The daughter of philosopher Alexander Dugin — a man often referred to as "Putin's brain" because of his reported influence over the Russian leader — died in a car bombing last week.

"It was significant," said Sean Maloney, a professor of history at the Royal Military College and a specialist on Russia. 

"We now have a destabilized Russian regime in a way we've not seen destabilization in years. And it's only in that space because of this invasion."

The Russian security service (FSB) has spun different scenarios since the bombing, one of which blames the Ukrainians. The government in Kyiv has vigorously denied involvement in the attack.

Maloney said Moscow's explanation "smells like Stalinist disinformation" and ignores the growing split in Russian society between those who fervently support the war and anti-war activists who are becoming increasingly vocal.

Dugin and his daughter had been at a festival near Moscow, where the ultranationalist philosopher gave a lecture on Saturday evening. The two of them were supposed to leave in the same car but, at the last minute, Dugin reportedly changed his mind.

Maloney said someone inside Russia was either targeting Dugin or trying to send a message by killing his daughter.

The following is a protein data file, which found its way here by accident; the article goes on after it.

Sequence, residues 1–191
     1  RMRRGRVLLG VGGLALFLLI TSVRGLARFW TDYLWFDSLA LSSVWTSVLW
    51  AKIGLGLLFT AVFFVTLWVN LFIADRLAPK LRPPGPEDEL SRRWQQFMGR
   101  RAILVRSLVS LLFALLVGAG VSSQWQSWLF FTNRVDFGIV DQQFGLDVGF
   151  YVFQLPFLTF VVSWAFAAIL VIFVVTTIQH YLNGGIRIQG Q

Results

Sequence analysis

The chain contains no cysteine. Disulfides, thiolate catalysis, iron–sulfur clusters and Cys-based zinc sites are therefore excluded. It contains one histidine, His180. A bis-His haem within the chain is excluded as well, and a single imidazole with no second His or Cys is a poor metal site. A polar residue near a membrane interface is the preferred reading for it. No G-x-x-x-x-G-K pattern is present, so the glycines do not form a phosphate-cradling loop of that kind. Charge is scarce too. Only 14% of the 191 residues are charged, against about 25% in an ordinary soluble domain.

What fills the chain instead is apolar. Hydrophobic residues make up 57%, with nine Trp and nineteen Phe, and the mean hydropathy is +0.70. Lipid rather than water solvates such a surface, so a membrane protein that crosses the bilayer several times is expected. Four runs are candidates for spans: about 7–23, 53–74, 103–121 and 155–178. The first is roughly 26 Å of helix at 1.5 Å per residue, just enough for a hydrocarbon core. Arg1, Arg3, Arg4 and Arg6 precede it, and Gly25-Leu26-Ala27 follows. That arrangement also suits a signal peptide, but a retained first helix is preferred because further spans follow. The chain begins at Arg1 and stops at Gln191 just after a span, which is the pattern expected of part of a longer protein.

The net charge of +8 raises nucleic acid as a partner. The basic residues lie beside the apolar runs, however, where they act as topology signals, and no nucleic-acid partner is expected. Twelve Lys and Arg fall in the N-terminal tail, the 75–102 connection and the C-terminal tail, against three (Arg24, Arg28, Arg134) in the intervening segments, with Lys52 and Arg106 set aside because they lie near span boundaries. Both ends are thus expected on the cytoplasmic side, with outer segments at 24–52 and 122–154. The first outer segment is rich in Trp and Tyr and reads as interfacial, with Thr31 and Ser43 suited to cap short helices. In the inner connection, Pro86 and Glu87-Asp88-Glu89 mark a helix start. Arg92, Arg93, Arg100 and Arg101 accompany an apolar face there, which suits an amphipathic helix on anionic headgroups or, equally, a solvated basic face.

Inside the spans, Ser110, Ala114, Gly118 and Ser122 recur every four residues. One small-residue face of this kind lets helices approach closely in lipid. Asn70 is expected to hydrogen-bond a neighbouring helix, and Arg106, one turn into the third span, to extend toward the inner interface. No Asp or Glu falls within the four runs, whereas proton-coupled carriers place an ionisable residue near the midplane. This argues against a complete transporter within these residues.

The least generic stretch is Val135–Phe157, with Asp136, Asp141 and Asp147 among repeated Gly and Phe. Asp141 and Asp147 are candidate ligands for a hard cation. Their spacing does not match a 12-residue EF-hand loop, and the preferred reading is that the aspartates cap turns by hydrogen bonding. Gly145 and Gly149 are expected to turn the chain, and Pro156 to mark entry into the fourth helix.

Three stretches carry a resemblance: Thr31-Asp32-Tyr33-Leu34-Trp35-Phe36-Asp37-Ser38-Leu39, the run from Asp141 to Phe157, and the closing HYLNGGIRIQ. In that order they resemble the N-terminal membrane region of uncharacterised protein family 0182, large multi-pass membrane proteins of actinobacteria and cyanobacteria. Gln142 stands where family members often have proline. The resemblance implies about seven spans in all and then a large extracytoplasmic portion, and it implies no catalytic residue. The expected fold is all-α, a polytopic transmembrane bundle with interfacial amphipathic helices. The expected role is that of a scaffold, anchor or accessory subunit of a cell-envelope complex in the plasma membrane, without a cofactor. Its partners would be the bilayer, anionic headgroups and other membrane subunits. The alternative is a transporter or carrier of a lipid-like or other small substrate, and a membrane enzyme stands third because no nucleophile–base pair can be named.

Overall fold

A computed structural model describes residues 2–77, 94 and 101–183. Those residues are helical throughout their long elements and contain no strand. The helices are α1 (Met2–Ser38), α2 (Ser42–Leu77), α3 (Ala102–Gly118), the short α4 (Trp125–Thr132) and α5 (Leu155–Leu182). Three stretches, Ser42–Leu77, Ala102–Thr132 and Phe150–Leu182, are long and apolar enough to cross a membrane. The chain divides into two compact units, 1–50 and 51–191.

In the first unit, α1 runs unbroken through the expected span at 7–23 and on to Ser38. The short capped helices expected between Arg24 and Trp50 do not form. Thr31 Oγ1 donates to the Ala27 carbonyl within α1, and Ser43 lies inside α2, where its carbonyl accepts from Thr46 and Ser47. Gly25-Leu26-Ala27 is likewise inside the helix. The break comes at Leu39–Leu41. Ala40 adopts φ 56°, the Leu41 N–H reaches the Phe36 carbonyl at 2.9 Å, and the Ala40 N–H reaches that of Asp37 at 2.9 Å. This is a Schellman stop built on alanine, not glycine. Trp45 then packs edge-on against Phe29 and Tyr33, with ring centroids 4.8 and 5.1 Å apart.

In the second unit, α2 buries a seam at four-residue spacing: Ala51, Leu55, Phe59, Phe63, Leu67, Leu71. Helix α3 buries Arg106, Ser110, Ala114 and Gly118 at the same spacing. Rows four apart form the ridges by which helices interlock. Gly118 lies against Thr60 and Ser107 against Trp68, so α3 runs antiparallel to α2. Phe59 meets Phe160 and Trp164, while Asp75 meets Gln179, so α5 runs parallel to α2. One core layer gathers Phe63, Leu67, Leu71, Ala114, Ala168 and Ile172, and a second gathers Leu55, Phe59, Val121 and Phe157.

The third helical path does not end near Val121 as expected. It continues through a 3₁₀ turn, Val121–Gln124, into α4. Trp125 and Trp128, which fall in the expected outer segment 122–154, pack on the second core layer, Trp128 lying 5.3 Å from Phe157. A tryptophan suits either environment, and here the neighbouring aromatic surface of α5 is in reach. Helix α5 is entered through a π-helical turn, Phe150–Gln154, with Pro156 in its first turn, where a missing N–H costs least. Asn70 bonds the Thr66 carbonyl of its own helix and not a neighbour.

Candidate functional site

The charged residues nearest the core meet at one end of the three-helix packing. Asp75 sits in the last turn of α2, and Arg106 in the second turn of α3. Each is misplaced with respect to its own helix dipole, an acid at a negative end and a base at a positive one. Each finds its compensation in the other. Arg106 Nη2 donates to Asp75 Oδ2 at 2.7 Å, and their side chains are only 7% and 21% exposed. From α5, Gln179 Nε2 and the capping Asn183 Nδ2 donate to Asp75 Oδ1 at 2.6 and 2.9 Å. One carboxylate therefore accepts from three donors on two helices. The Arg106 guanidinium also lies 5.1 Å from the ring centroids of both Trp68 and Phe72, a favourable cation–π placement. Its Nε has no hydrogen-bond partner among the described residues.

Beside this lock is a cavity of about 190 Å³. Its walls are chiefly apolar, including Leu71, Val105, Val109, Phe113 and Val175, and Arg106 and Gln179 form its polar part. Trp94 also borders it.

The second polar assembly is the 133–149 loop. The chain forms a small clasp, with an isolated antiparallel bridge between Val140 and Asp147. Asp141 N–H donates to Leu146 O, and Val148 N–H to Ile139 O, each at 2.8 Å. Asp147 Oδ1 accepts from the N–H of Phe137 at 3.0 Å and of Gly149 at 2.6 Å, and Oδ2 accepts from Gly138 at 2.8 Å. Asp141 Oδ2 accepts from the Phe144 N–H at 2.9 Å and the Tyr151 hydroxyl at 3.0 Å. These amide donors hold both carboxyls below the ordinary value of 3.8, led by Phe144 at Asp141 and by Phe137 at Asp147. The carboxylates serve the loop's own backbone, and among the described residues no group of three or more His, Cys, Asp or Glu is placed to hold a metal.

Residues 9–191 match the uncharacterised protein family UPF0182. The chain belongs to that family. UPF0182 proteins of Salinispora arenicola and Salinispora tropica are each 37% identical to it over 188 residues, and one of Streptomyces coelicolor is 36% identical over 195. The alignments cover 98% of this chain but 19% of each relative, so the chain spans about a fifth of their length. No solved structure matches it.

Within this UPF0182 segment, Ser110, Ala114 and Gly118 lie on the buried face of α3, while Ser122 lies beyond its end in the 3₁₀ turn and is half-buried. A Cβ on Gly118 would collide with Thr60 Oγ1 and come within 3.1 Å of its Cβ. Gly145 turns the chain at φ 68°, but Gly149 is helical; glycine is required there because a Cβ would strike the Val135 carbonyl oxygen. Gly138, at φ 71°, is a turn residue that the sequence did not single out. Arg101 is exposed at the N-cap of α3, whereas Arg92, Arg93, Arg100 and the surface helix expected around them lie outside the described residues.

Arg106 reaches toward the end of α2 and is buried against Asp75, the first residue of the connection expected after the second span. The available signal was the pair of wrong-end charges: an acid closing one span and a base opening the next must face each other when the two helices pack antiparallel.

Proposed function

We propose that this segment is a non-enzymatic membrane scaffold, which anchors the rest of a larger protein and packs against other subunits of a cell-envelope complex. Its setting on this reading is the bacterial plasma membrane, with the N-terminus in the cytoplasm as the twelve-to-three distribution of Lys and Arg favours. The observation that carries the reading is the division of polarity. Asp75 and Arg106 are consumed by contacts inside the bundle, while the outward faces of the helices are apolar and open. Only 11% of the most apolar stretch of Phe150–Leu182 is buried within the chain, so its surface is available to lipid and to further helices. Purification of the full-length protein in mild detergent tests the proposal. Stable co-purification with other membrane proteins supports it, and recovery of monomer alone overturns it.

"In any angle where you look at this, there are obviously elements of people in Moscow that are not happy with what's going on, whether [the war in Ukraine] is not going far enough or it's gone too far," he said.

Elsewhere on Wednesday, news broke of the former mayor of Russia's fourth-largest city being arrested on charges of discrediting the country's military. Observers see it as part of a crackdown on critics of Moscow's military action in Ukraine.

Police arrested Yevgeny Roizman, 59, who served as mayor of Yekaterinburg from 2013 to 2018, following searches at his apartment and office.

Police detain Yekaterinburg ex-mayor Yevgeny Roizman in Yekaterinburg, Russia, Wednesday, Aug. 24, 2022. The former mayor of Russia's fourth-largest city was arrested Wednesday on charges of discrediting the country's military, part of a crackdown on critics of Moscow's military action in Ukraine. (Vladimir Podoksyonov/URA.RU via AP)